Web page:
Extremal curves in Wasserstein space

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We show that known Newton-type laws for Optimal Mass Transport, Schrodinger Bridges and the classic Madelung fluid can be derived from variational principles on Wasserstein space. The second order differential equations are accordingly obtained by annihilating the first variation of a suitable action.

Extremal curves in Wasserstein space


application/pdf Extremal curves in Wasserstein space Giovanni Conforti, Michele Pavon
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We show that known Newton-type laws for Optimal Mass Transport, Schrodinger Bridges and the classic Madelung fluid can be derived from variational principles on Wasserstein space. The second order differential equations are accordingly obtained by annihilating the first variation of a suitable action.
Extremal curves in Wasserstein space


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        <resourceType resourceTypeGeneral="Text">Text</resourceType><subjects><subject>Kantorovich-Rubinstein metric</subject><subject>calculus of variations</subject><subject>displacement interpolation</subject><subject>entropic interpolation</subject><subject>Schrödinger bridge</subject><subject>Madelung fluid</subject></subjects><dates>
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            <description descriptionType="Abstract">We show that known Newton-type laws for Optimal Mass Transport, Schrodinger Bridges and the classic Madelung fluid can be derived from variational principles on Wasserstein space. The second order differential equations are accordingly obtained by annihilating the first variation of a suitable action.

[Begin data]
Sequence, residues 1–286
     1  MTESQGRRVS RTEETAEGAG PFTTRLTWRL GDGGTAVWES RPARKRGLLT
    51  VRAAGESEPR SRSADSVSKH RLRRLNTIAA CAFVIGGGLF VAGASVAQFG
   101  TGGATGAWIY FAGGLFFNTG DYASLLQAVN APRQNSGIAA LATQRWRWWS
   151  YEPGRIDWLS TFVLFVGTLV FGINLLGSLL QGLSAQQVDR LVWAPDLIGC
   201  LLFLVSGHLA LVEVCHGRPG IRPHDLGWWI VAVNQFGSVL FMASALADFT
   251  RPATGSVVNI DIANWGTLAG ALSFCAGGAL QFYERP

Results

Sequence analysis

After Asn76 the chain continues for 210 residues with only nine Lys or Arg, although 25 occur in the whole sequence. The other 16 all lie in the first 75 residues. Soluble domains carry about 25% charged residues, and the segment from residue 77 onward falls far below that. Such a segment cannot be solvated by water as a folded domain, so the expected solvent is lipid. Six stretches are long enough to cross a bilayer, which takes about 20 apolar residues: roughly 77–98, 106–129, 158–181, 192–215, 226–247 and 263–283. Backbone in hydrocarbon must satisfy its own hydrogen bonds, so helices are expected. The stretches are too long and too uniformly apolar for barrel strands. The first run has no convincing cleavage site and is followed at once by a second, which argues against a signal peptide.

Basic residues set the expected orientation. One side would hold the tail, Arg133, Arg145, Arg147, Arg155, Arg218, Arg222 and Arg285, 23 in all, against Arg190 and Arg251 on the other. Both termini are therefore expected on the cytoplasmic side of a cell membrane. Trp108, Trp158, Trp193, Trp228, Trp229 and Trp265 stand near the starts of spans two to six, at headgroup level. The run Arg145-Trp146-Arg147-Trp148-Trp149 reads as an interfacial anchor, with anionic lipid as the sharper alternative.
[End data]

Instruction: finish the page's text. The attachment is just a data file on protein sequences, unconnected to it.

Extremal curves in Wasserstein space Giovanni Conforti1 and Michele Pavon2 1 Laboratoire Paul Painlevé Université des Sciences et Technologies de Lille 1, 59655 Villeneuve d’Ascq Cedex, France giovanniconfort@gmail.com 2 Dipartimento di Matematica “Tullio Levi-Civita”, Università di Padova via Trieste 63, 35121 Padova, Italy pavon@math.unipd.it Abstract. We show that known Newton-type laws for Optimal Mass Transport, Schrödinger Bridges and the classic Madelung fluid can be derived from variational principles on Wasserstein space. The second order differential equations are accordingly obtained by annihilating the first variation of a suitable action. Keywords: Kantorovich-Rubinstein metric, calculus of variations, dis- placement interpolation, entropic interpolation, Schrödinger bridge, Madelung fluid. 1 Introduction Continuous random evolutions which are critical for some suitable action occur in many diverse fields of science. We have in mind, in particular, the follow- ing three famous problems: The Benamou-Brenier formulation of the Optimal Mass Transport (OMT) problem with quadratic cost [3], the Schrödinger Bridge Problem (SBP) [45, 46] and the quantum evolution of a nonrelativistic particle in Madelung’s fluid (NSM) [32, 25]. All three problems are considered in their fluid-dynamic form. The flow of one-time marginals {µt; 0 ≤ t ≤ 1} of each solution may be thought of as a curve in Wasserstein space. It is known that SBP may be viewed as a “regularization” of OMT , the latter problem being recovered through a “zero-noise limit” [34–36, 30, 31, 15, 10, 11]. Recently, it was shown by von Renesse [49], for the quantum mechani- cal Madelung fluid [25], and by Conforti [13], for the Schrödinger bridge, that their flows satisfy suitable Newton-like laws in Wasserstein space. In [23], the foundations of a Hamilton-Jacobi theory in Wasserstein space were laid. In this paper, we outline some of the results of [14], where we show that the solution flows of OMT, SBP and NSM may all be seen as extremal curves in Wasserstein space of a suitable action. The actions only differ by the presence or the sign of a (relative) Fisher information functional besides the kinetic energy term. The solution marginals flows correspond to critical points, i.e. annihi- late the first variation, of the respective functionals. The extremality conditions imply indeed the local form of Newton-type second laws in analogy to classi- cal mechanics [26, p.1777]. These are then interpreted in the frame of Otto’s formal Riemannian calculus for optimal transport of probability measures as second-order differential equations in Wasserstein space involving the covariant derivative. Although some of these results are present in some form in the cited literature, our goal here is to develop a coherent framework where an actual cal- culus of variations on Wasserstein space can be developed for various significant problems. The paper is outlined as follows. In Sections 2 and 3, we provide some es- sential background on OMT and SBP, respectively. In Section 4, we obtain the second-order differential equation from an extremality condition for the fluid- dynamic version of the Schrödinger problem. The same is then accomplished for the Madelung fluid - Nelson’s stochastic mechanics in Section 5. 2 Background on optimal mass transport The literature on this problem is by now vast. We refer the reader to the following monographs and survey papers [42, 18, 47, 1, 48, 2, 40, 44]. We shall only briefly review some concepts and results which are relevant for the topics of this paper. The optimal transport problem may be used to introduce a useful distance between probability measures. Indeed, let P2(RN ) be the set of probability mea- sures µ on RN with finite second moment. For ν0, ν1 ∈ P2(RN ), the Kantorovich- Rubinstein (Wasserstein) quadratic distance, is defined by W2(ν0, ν1) =  inf π∈Π(ν0,ν1) Z RN ×RN kx − yk2 dπ(x, y) 1/2 , (1) where Π(ν0, ν1) are “couplings” of ν0 and ν1, namely probability distributions on RN × RN with marginals ν0 and ν1. As is well known [47, Theorem 7.3], W2 is a bona fide distance. Moreover, it provides a most natural way to “metrize” weak convergence3 in P2(RN ) [47, Theorem 7.12], [1, Proposition 7.1.5] (the same applies to the case p ≥ 1 replacing 2 with p everywhere). The Wasserstein space W2 is defined as the metric space P2(RN ), W2  . It is a Polish space, namely a separable, complete metric space. A dynamic version of the OMT problem was elegantly accomplished by Benamou and Brenier in [3] by showing that W2 2 (ν0, ν1) = inf (µ,v) Z 1 0 Z RN kv(x, t)k2 µt(dx)dt, (2a) ∂µ ∂t + ∇ · (vµ) = 0, (2b) µ0 = ν0, µ1 = ν1. (2c) Here the flow {µt; 0 ≤ t ≤ 1} varies over continuous maps from [0, 1] to P2(RN ) and v over smooth fields. In [48, Chapter 7], Villani provides some motivation 3 µk converges weakly to µ if R RN fdµk → R RN fdµ for every continuous, bounded function f. to study the time-dependent version of OMT. Further reasons are the following. It allows to view the optimal transport problem as an (atypical) optimal control problem [7]-[11]. It provides a ground on which the Schrödinger bridge problem appears as a regularization of the former [34–36, 30, 31, 15, 10, 11]. Similarly with the Madelung fluid, see below. In some applications, such as interpolation of images [12] or spectral morphing [28], the interpolating flow is crucial. Let {µ∗ t ; 0 ≤ t ≤ 1} and {v∗ (x, t); (x, t) ∈ RN × [0, 1]} be optimal for (2). Then µ∗ t = [(1 − t)I + t∇ϕ] #ν0, with T = ∇ϕ solving Monge’s problem, provides, in McCann’s language, the dis- placement interpolation between ν0 and ν1 (# denotes “push-forward”). Then {µ∗ t ; 0 ≤ t ≤ 1} may be viewed as a constant-speed geodesic joining ν0 and ν1 in Wasserstein space. This formally endows W2 with a kind of Riemannian struc- ture. McCann discovered [33] that certain functionals are displacement convex, namely convex along Wasserstein geodesics. This has led to a variety of applica- tions. Following one of Otto’s main discoveries [29, 39], it turns out that a large class of PDE’s may be viewed as gradient flows on the Wasserstein space W2. This interpretation, because of the displacement convexity of the functionals, is well suited to establish uniqueness and to study energy dissipation and con- vergence to equilibrium. A rigorous setting in which to make sense of the Otto calculus has been developed by Ambrosio, Gigli and Savaré [1] for a suitable class of functionals. Convexity along geodesics in W2 also leads to new proofs of various geometric and functional inequalities [33], [47, Chapter 9]. The tangent space of P2(RN ) at a probability measure µ, denoted by TµP2(RN ) [1] may be identified with the closure in L2 µ of the span of {∇ϕ : ϕ ∈ C∞ c }, where C∞ c is the family of smooth functions with compact support. It is equipped with the scalar product of L2 µ. 3 Schrödinger bridges and entropic interpolation Let Ω = C([t0, t1]; RN ) be the space of RN valued continuous functions. Let Wσ2 x denote Wiener measure on Ω with variance σ2 IN starting at the point x at time t0. If, instead of a Dirac measure concentrated at x, we give the volume measure as initial condition, we get the unbounded measure on path space Wσ2 = R RN Wσ2 x dx. It is useful to introduce the family of distributions P on Ω which are equivalent to it. Let P(ρ0, ρ1) denote the set of distributions in P having the prescribed marginal marginals densities at t = 0 and t = 1, respectively. Then, the Schrödinger bridge problem (SBP) with Wσ2 as “prior” is the maximum entropy problem Minimize H(P|Wσ2 ) = EP  log dP dWσ2  over P ∈ P(ρ0, ρ1). (3) Conditions for existence and uniqueness for this problem and properties of the minimizing measure (with general Markovian prior) have been studied by many authors, most noticeably by Fortet, Beurlin, Jamison and Föllmer [22, 4, 27, 21, 30],[31, Proposition 2.5]. The solution P∗ is called the Schrödinger bridge from ρ0 to ρ1 over P [21]. We shall tacitly assume henceforth that they are satisfied so that P∗ is well defined. In view of Sanov’s theorem [43], solving the maximum entropy problem is equivalent to a problem of large deviations of the empirical distribution as showed by Föllmer [21] recovering Schrödinger’s original motiva- tion [45, 46]. It has been observed since the early nineties that SBP can be turned, thanks to Girsanov’s theorem, into a stochastic control problem with atypical boundary constraints, see [16, 5, 17, 41, 19]. The latter has a fluid dynamic coun- terpart: When prior is Wσ2 stationary Wiener measure with variance σ2 4 , the solution of the SBP with marginal densities ρ0 and ρ1 can be characterized as the solution of the fluid-dynamic problem [10, p.683], [24, Corollary 5.8]: inf (ρ,v) Z Rn Z 1 0  1 2σ2 kv(x, t)k2 + σ2 8 k∇ log ρ(x, t)k2  ρ(x, t)dtdx, (4a) ∂ρ ∂t + ∇ · (vρ) = 0, (4b) ρ(0, x) = ρ0(x), ρ(1, y) = ρ1(y), (4c) Notice that the only difference from the Benamou-Brenier problem (2) is given by an extra term in the action with the form of a Fisher Information functional I(ρ) = Z Rn k∇ρk2 ρ dx. (5) 4 Variational analysis for the fluid-dynamic SBP Let Pρ0ρ1 be the family of continuous flows of probability densities ρ = {ρ(·, t); 0 ≤ t ≤ 1} satisfying (4c) and let V be the family of continuous feedback control laws v(·, ·). Consider the unconstrained minimization over Pρ0ρ1 ×V of the Lagrangian L(ρ, v; λ) = Z Rn Z 1 0  1 2σ2 kv(x, t)k2 + σ2 8 k∇ log ρ(x, t)k2  ρ(x, t) +λ(x, t)  ∂ρ ∂t + ∇ · (vρ)  dtdx, where λ is a C1 Lagrange multiplier. After integration by parts and discarding the constant boundary terms, we get the problem of minimizing over Pρ0ρ1 × V Z Rn Z 1 0  1 2σ2 kv(x, t)k2 + σ2 8 k∇ log ρ(x, t)k2 +  − ∂λ ∂t − ∇λ · v)  ρ(x, t)dtdx. (6) 4 The case of a general reversible Markovian prior is treated in [14] where all the details of the variational analysis may also be found. Pointwise minimization with respect to v for a fixed flow in Pρ0ρ1 gives v∗ ρ(x, t) = σ2 ∇λ(x, t), (7) which is continuous. Plugging this into (6), we get to minimize over Pρ0ρ1 J(ρ) = − Z Rn Z 1 0  ∂λ ∂t + σ2 2 k∇λk2 − σ2 8 k∇ log ρk2  ρdtdx. (8) Setting the first variation of J in direction δρ equal to zero for all smooth vari- ations vanishing at times t = 0 and t = 1, we get the extremality condition ∂λ ∂t + σ2 2 k∇λk2 + σ2 8 k∇ log ρk2 + σ2 4 ∆ log ρ = 0. (9) By (9), the convective derivative of v∗ in (7) yields the acceleration field a∗ (x, t) =  ∂ ∂t + v∗ · ∇  (v∗ ) (x, t) = −σ2 ∇  σ2 8 k∇ log ρk2 + σ2 4 ∆ log ρ  . (10) The term appearing in the right-hand side of (10) may be viewed as a gradient in Wasserstein space of the entropic part of the Lagrangian (4a), namely −∇  σ2 8 k∇ log ρk2 + σ2 4 ∆ log ρ  = ∇W2 σ2 8 I(ρ). (11) This relation can be found in [49, A.2] and [13]. Indeed, a calculation shows d dt Z Rn k∇ log ρ(x, t)k2 ρ(x, t)dx = − Z Rn ∇  k∇ log ρk2 + 2∆ log ρ  ·v(x, t)ρ(x, t)dx. Finally, since v∗ is a gradient, it follows that the convective derivative a∗ is in fact the covariant derivative ∇W2 µ̇ µ̇ for the smooth curve t → µt = ρ(x, t)dx , see [49, A.3] and [2, Chapter 6]. Thus, (10) takes on the form of a Newton-type law [13] on W2 ∇W2 µ̇ µ̇ = σ4 8 ∇W2 I(µ). (12) In the case when σ2 & 0, we recover in the limit that displacement interpolation provides constant speed geodesics for which ∇W2 µ̇ µ̇ ≡ 0. 5 Optimal transport and Nelson’s stochastic mechanics There has been some interest in connecting optimal transport with Nelson’s stochastic mechanics [6], [48, p.707] or directly with the Madelung fluid [49]. Consider the case of a free non-relativistic particle of mass m (the case of a par- ticle in a force field is treated similarly). Then, a variational principle leading to the Schrödinger equation, can be based on the Guerra-Morato action functional [26] which, in fluid dynamic form, is AGM = Z t1 t0 Z Rn m 2 kv(x, t)k2 ρt(x)dx − ~2 8m I(ρt)  dt. (13) For the Nelson process, we have σ2 = ~/m. It can be derived directly from the classical action [38]. Instead, the Yasue action [50] in fluid-dynamic form is AY (t0, t1) = Z t1 t0 Z RN m 2 kv(x, t)k2 ρt(x)dx + ~2 8m I(ρt)  dt. (14) In [6, p.131], Eric Carlen poses the question of minimizing the Yasue action sub- ject to the continuity equation (4b) for given initial and final marginals (4c). In view of the formulation (4), we already know the solution: It is provided by Nel- son’s current velocity [37] and the flow of one-time densities of the Schrödinger bridge with (4c) and stationary Wiener measure as a prior. Finally observe that the action in (4a) and 1 ~ AGM only differ by the sign in front of the Fisher in- formation functional! Thus the variational analysis can be carried out as in the previous section obtaining eventually the Newton-type law as in [49] ∇W2 µ̇ µ̇ = − ~2 m28 ∇W2 I(µ). (15) 6 Conclusion We have outlined some of the results of [14] where the optimal evolutions for OMT, SBP and NSM are shown to be critical curves for suitable actions. 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